And despite the Cubs' legendary 103-year World Series drought, and accompanying pressure that surprised the likes of Dusty Baker and Lou Piniella, Walker believes Epstein has what it takes to meet the challenge and succeed.
"He came from Boston," Walker said Thursday on "The Waddle & Silvy Show" on ESPN 1000. "There is no bigger pressure cooker than Boston."
Walker played with the Cubs from 2004 to 2006. He arrived the year after they advanced to the NLCS before falling to the Florida Marlins, and he left the year before back-to-back division titles. So Walker saw firsthand a transformation of Cubs fans from accepting "Lovable Losers" to demanding more success.
"The Cubs got a little taste of winning and they have a little feeling for it, so now there is a little Boston feeling that, 'Man, we just want to win,' " Walker said. "So yes, absolutely, Theo understands that, because he came from Boston. There is no greater pressure cooker than New York or Boston. And so I think he's set up for success, and I think he'll do well."
Epstein and the Cubs have agreed to a five-year deal, believed to be between $15 million to $20 million, according to sources, and compensation for Boston releasing Epstein from his contract appears to be the only stumbling block before the deal is finalized.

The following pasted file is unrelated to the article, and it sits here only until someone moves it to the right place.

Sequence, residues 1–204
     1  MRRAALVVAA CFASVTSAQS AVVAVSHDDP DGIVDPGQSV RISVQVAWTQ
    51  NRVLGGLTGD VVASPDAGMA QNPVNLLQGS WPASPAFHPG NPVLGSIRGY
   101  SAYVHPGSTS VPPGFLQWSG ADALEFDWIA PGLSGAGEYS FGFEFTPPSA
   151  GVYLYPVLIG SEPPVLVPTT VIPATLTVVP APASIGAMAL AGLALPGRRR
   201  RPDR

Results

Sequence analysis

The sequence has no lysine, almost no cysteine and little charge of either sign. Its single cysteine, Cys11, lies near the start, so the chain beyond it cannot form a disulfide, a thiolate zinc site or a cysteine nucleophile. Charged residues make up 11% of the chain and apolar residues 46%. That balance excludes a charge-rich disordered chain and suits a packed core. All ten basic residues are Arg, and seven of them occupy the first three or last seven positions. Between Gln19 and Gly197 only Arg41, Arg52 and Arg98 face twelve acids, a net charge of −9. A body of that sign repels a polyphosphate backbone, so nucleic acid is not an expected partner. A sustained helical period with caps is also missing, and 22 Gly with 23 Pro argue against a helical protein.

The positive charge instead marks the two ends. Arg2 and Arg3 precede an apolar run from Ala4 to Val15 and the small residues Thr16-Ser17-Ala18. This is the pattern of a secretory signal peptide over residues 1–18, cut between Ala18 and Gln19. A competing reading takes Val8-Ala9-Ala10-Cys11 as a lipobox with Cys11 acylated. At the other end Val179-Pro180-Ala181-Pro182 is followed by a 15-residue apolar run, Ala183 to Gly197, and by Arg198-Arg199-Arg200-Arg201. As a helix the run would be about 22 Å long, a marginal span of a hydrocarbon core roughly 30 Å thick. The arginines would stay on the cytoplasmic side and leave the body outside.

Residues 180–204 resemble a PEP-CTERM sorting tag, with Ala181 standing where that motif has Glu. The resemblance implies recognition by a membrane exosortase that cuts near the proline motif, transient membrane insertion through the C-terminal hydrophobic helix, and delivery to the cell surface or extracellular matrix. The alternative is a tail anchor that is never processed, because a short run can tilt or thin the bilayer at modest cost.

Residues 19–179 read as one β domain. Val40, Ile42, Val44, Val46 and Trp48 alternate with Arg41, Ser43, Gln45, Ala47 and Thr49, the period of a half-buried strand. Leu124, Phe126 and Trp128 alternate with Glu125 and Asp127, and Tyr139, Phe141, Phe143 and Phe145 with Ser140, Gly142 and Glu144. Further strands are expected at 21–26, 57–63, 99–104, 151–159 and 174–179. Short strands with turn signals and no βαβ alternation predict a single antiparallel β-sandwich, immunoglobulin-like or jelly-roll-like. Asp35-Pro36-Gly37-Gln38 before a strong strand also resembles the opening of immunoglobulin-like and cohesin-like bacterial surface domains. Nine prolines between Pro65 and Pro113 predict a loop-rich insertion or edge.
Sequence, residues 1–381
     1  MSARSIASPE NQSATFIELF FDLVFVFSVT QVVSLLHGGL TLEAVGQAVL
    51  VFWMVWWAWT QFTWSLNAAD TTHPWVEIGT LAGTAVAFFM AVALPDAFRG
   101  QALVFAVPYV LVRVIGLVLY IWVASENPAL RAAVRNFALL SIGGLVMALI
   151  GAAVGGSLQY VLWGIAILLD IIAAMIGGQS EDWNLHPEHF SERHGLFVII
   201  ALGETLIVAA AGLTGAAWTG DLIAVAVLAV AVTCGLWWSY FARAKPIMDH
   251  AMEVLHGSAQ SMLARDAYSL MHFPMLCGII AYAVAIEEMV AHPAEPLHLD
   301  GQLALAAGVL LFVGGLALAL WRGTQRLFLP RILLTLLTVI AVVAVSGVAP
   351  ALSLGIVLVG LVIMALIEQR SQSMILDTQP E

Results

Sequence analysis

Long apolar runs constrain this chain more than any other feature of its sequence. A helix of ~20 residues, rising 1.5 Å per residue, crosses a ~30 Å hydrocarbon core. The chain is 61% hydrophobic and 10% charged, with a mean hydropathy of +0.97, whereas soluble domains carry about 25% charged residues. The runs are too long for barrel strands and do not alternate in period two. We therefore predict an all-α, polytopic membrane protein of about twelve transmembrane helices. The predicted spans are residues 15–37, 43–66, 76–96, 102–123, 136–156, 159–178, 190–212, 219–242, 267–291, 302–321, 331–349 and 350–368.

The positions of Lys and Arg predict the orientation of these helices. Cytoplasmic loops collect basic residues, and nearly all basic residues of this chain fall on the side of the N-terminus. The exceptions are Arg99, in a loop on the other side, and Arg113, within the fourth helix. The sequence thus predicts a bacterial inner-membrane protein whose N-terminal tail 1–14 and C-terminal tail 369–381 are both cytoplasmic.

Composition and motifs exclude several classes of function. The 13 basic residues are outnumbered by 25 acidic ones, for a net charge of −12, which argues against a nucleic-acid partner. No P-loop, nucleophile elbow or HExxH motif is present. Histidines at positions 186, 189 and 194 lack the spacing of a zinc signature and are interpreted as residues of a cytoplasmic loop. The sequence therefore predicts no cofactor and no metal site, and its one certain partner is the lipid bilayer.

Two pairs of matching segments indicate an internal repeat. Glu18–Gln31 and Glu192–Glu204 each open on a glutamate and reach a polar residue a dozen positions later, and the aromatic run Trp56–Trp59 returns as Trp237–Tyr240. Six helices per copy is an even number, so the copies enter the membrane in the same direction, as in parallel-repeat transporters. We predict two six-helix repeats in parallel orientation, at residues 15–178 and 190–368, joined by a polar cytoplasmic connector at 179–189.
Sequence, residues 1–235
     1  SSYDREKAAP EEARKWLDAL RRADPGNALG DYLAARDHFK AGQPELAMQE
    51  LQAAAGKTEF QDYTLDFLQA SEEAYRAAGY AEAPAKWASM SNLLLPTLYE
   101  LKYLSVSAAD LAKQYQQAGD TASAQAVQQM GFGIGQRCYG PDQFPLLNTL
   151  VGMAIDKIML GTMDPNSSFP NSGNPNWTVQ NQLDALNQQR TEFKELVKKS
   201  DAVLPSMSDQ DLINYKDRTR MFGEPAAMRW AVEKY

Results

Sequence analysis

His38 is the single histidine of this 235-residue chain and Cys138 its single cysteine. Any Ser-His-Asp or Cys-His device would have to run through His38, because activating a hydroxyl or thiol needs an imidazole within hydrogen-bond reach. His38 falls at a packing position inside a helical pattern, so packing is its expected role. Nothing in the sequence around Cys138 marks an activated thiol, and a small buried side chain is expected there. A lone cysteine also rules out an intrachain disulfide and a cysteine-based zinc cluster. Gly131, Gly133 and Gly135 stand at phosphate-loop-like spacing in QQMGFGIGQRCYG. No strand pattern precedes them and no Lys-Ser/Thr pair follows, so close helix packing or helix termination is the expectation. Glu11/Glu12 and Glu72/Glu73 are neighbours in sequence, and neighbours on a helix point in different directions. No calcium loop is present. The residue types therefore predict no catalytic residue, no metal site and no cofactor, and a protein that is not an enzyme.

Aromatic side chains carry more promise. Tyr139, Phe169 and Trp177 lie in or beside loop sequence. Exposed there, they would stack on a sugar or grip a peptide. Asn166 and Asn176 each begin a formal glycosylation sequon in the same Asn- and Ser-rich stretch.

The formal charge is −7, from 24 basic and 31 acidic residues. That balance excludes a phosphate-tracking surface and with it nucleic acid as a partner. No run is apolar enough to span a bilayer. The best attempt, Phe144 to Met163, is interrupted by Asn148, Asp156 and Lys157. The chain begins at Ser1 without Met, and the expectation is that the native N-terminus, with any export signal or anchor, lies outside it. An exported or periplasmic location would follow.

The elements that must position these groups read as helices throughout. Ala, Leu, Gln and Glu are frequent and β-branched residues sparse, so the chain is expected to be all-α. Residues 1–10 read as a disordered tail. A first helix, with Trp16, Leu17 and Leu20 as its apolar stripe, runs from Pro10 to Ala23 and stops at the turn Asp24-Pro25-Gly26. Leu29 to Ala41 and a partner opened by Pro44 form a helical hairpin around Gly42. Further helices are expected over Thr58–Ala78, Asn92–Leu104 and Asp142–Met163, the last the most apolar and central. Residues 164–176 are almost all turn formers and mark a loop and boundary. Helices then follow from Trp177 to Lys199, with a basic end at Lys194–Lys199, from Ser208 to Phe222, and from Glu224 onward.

Walker said he was Epstein's first acquisition when both joined the Red Sox in 2003
"I got to know Theo. He lived across the hall from me in our apartment complex in the Back Bay of Boston, and we got to talk a lot, and the guy knows baseball," Walker said. "The main thing is you grow them from the minor leagues, they come through your system, you don't take the easy way out and buy free agents and it seems like that's what Chicago has been doing. It hasn't worked out too well for the Cubs.
"He wants to grow from the system, which is the most economical way to do it. Also the best way to do it. In Boston, he had [Dustin] Pedroia, and he had [Jon] Lester. I think ultimately you have to grow through the system, and three or four of those guys who are superstars now in Boston -- [Kevin] Youkilis -- grew in the system and I think that's a credit to Theo."
Walker tried to imagine how Epstein would be perceived if he followed up his success in Boston by ending the drought in Chicago.
"For Theo, he controlled two World Series in Boston after they hadn't won it since 1912 (actually 1918) and now he comes to Chicago," Walker said. "Can you imagine if he would win a World Series in Chicago? He'd be the baseball czar.
"He's in a great position, because if he doesn't do it, well it hadn't happened in a 100-some-odd years, whatever. If he does do it, he is baseball czar. That's a good position to be in."